One of London’s busiest streets has swapped cars for skates.
Part of Strand has been closed to traffic and turned into a temporary skate park, where Londoners can enjoy free shows and lessons in an attempt to green the capital’s streets.
The park, a collaboration between Westminster City Council, Somerset House and the Vans shoe brand, is open between September 8 and September 24.
Helena Long, a professional skateboarder and gallery manager at Somerset House who helped come up with the idea, said: “I think London is beautiful, but there is a lot of hostile architecture.
“A skate park is inspiring to look at, and it inspires you to use public space in a different way, rather than just sitting and eating lunch.”
The skate park, located just outside the entrance to Somerset House, is being tested as the council finds out how the street can best pedestrians.
It also coincides with Somerset House’s ‘No Comply, Skate Culture and Community’ exhibition, which focuses on the skateboarding scene and how it shapes London and other cities.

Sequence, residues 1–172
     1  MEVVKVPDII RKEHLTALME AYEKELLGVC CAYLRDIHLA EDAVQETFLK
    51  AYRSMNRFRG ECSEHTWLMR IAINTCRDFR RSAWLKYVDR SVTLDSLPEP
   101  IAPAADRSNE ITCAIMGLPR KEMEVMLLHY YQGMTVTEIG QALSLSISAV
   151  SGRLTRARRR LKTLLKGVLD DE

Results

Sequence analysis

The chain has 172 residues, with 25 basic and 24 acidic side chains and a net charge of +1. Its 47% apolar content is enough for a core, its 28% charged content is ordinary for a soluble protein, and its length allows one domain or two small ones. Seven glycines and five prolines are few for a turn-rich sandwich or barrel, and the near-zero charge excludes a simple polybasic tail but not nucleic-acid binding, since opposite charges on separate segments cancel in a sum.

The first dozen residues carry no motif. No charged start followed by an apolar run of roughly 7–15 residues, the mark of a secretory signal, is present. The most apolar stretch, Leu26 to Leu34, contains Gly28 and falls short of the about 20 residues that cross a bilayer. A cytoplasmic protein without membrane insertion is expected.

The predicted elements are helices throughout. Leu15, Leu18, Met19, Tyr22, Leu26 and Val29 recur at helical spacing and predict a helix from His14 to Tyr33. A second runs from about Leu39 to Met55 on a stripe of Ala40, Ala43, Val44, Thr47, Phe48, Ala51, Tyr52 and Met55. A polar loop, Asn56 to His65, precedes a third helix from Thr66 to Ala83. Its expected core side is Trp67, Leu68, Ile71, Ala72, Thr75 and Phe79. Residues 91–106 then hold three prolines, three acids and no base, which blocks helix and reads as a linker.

Long believes that skateboarding is a unique way to get people involved in the city.
She said: “The park is something we as skateboarders respect because it is rare and we feel grateful to have it and we are careful with our surroundings.
“After being in the park a few times and working in Somerset House and the exhibits, people stop and look, and they really love it.”
Agnieszka Aga Wood, 47, founder of the social enterprise EVERYONE ON BOARD, says that skateboarding has a positive impact on the mental health of young people.
She said: “Not everyone can afford skating lessons, and Strand provides the perfect opportunity for children to get free access to skateboarding.
“I want to create a great ecosystem where everyone is happy and coexists.”
The park brings together skating architectural forms and public spaces and brings innovative visual engagement to the city.